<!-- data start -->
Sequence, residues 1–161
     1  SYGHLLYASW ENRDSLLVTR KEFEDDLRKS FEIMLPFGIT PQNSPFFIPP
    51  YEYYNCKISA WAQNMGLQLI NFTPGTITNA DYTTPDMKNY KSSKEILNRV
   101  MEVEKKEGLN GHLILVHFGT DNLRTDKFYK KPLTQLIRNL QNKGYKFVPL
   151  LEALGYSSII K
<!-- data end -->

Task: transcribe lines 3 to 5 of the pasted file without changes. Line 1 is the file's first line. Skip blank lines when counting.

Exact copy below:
    51  YEYYNCKISA WAQNMGLQLI NFTPGTITNA DYTTPDMKNY KSSKEILNRV
   101  MEVEKKEGLN GHLILVHFGT DNLRTDKFYK KPLTQLIRNL QNKGYKFVPL
   151  LEALGYSSII K